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### 10.5 Bags, or Multisets—`library(bags)`

This library module provides operations on bags. Bags are also known as multisets. A bag B is a function from a set `dom(B)` to the non-negative integers. For the purposes of this module, a bag is constructed from two functions:

`bag`

creates an empty bag

`bag(E,M,B)`

extends the bag B with a new element E which occurs with multiplicity M, and which precedes all elements of B in Prolog’s order.

A bag is represented by a Prolog term mirroring its construction. There is one snag with this: what are we to make of

```    bag(f(a,Y), 1, bag(f(X,b), 1, bag))     ?
```

As a term it has two distinct elements, but `f(a,b)` will be reported as occurring in it twice. But according to the definition above,

```    bag(f(a,b), 1, bag(f(a,b), 1, bag))
```

is not the representation of any bag, that bag is represented by

```    bag(f(a,b), 2, bag)
```

alone. We are apparently stuck with a scheme which is only guaranteed to work for "sufficiently instantiated" terms, but then, that’s true of a lot of Prolog code.

The reason for insisting on the order is to make union and intersection linear in the sizes of their arguments. `library(ordsets)` does the same for ordinary sets.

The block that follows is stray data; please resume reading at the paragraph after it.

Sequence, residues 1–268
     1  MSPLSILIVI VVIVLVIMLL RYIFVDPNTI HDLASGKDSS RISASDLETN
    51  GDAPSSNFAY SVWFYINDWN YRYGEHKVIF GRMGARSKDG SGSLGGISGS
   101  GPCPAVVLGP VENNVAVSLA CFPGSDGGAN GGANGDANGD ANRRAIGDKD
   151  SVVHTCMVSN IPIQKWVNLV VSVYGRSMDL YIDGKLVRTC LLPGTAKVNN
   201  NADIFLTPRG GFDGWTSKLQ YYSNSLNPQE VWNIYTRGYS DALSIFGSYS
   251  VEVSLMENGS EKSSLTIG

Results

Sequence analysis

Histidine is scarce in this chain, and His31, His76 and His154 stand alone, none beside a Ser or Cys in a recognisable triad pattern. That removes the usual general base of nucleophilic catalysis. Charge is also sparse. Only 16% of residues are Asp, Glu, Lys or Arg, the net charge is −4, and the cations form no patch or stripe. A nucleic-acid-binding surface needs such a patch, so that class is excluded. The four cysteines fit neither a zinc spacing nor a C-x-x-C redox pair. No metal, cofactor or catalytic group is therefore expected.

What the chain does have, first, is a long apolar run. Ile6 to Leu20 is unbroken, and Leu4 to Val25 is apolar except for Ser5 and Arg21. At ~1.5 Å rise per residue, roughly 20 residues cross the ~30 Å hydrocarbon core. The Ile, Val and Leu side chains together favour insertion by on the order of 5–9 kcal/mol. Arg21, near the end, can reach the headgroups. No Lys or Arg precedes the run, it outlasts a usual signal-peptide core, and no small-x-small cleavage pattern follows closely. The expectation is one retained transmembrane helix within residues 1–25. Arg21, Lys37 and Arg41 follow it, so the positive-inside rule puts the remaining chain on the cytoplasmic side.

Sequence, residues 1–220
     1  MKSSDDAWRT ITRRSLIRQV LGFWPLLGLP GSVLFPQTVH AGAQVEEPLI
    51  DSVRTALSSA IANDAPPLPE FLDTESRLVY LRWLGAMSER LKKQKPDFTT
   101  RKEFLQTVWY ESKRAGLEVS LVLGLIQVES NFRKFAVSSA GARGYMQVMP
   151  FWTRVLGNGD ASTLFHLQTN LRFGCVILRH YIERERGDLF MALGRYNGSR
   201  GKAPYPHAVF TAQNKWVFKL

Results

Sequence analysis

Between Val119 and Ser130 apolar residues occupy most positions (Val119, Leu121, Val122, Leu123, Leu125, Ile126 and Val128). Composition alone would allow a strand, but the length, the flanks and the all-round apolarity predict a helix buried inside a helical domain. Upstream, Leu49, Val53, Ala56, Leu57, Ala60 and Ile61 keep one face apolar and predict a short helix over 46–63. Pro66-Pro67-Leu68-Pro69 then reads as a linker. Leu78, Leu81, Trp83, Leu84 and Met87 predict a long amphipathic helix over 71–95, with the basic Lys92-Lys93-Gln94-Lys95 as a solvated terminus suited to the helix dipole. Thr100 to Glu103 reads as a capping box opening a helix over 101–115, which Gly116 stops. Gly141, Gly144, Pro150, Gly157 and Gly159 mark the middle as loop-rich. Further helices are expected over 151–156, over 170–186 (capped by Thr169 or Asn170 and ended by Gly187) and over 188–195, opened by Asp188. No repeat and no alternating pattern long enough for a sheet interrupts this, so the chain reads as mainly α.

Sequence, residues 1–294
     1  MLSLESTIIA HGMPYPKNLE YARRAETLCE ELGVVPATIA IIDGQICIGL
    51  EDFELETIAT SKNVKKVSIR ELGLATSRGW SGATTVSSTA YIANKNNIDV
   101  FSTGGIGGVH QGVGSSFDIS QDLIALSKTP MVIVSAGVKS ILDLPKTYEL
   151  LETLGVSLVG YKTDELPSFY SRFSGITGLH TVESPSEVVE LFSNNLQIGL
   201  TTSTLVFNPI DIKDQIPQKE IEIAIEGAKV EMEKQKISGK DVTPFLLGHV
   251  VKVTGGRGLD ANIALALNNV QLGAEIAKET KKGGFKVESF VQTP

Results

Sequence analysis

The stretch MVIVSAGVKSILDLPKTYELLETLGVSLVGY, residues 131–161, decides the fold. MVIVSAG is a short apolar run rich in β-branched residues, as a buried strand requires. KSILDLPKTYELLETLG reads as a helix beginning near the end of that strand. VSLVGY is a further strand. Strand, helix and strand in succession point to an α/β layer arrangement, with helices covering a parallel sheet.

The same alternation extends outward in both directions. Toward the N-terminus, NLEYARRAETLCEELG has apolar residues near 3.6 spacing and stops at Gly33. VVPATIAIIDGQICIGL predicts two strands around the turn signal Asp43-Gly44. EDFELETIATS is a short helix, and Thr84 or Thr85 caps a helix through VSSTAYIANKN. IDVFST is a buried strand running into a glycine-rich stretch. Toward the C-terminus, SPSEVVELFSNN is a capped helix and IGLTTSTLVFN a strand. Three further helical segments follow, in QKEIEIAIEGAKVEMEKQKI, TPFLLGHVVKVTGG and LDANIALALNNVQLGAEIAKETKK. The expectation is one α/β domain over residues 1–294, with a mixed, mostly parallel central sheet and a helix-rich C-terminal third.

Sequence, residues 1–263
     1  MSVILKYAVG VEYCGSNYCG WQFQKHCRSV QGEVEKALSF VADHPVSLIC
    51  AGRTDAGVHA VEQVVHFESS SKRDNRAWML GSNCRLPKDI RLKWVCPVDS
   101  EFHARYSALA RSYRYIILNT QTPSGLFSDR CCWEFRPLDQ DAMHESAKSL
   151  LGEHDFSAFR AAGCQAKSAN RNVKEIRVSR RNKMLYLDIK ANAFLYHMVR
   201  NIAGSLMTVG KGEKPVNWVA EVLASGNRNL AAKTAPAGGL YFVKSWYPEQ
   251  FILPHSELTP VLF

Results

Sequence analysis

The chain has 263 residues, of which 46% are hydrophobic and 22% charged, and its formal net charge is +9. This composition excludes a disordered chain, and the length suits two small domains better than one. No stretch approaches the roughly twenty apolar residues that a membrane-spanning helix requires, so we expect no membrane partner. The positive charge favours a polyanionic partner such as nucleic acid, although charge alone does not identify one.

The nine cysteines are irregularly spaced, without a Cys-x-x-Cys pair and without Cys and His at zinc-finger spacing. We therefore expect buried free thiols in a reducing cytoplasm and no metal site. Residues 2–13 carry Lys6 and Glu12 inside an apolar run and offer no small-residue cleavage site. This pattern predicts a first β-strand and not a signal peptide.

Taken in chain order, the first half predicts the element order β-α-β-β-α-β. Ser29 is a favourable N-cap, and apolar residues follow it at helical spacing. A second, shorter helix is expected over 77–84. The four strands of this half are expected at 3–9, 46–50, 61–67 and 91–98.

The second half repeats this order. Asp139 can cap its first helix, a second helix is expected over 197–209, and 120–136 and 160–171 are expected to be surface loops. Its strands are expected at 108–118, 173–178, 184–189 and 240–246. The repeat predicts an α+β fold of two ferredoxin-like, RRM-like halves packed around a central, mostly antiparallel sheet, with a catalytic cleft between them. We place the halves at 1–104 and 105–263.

Exported predicates:

`is_bag(+Bag)`

recognizes proper well-formed bags. You can pass variables to `is_bag/1`, and it will reject them.

`portray_bag(+Bag)`

writes a bag to the current output stream in a pretty form so that you can easily see what it is. Note that a bag written out this way can not be read back in. For that, use `write_canonical/1`. The point of this predicate is to have bags displayed nicely by print/1 and the debugger. This will print things which are not fully instantiated, which is mainly of interest for debugging this module.

`checkbag(:Pred, +Bag)`

is true when Bag is a Bag{E1:M1, ..., En:Mn} with elements Ei of multiplicity Mi, and Pred(Ei, Mi) is true for each i.

`mapbag(:Pred, +Bag)`

is true when Bag is a Bag{E1:M1, ..., En:Mn} with elements Ei of multiplicity Mi, and Pred(Ei) is true for each element Ei. The multiplicities are ignored: if you don’t want this, use `checkbag/2`.

`mapbag(:Pred, +OldBag, -NewBag)`

is true when OldBag is a Bag{E1:M1, ..., En:Mn} and NewBag is a Bag{F1:M’1, ..., Fn:M’n} and the elements of OldBag and NewBag are related by Pred(Ei, Fj). What happens is that the elements of OldBag are mapped, and then the result is converted to a bag, so there is no positional correspondence between Ei and Fj. Even when Pred is bidirectional, `mapbag/3` is not. OldBag should satisfy `is_bag/1` before `mapbag/3` is called.

`somebag(:Pred, +Bag)`

is true when Bag is a Bag{E1:M1, ..., En:Mn} with elements Ei of multiplicity Mi and Pred(Ei, Mi) is true of some element Ei and its multiplicity. There is no version which ignores the Mi.